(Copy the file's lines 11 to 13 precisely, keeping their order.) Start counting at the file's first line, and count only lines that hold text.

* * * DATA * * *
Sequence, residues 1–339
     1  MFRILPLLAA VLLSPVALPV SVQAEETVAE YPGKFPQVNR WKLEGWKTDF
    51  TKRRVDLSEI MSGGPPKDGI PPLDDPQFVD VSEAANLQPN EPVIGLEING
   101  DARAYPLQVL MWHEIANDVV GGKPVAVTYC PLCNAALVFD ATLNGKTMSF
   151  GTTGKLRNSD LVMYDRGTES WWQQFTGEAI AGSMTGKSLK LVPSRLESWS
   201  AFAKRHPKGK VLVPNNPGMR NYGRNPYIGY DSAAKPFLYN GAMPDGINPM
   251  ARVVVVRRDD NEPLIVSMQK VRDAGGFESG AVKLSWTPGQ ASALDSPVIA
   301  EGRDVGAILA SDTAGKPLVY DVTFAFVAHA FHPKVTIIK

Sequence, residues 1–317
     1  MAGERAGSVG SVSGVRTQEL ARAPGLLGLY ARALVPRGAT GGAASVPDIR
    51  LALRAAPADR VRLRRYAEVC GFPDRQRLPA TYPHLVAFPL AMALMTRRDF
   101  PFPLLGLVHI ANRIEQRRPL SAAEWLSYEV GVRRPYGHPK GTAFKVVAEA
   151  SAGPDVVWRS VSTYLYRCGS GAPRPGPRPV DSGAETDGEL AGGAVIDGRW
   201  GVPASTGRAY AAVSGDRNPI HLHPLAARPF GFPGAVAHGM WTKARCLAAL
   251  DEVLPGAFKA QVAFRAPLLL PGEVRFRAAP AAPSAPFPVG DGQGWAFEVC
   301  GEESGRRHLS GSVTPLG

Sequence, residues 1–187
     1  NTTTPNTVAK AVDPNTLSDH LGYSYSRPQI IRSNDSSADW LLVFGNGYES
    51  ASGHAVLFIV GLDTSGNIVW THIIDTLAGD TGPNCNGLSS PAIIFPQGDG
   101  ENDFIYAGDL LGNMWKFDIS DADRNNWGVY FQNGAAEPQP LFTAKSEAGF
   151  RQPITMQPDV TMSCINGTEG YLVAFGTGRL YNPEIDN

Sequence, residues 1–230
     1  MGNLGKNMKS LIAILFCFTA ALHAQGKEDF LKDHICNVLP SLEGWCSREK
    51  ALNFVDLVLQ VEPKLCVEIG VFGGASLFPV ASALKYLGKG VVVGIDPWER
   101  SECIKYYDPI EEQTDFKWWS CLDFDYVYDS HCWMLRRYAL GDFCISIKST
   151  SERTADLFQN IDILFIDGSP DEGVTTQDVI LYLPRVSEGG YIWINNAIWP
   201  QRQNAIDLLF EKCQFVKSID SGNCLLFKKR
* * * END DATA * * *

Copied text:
    51  LALRAAPADR VRLRRYAEVC GFPDRQRLPA TYPHLVAFPL AMALMTRRDF
   101  PFPLLGLVHI ANRIEQRRPL SAAEWLSYEV GVRRPYGHPK GTAFKVVAEA
   151  SAGPDVVWRS VSTYLYRCGS GAPRPGPRPV DSGAETDGEL AGGAVIDGRW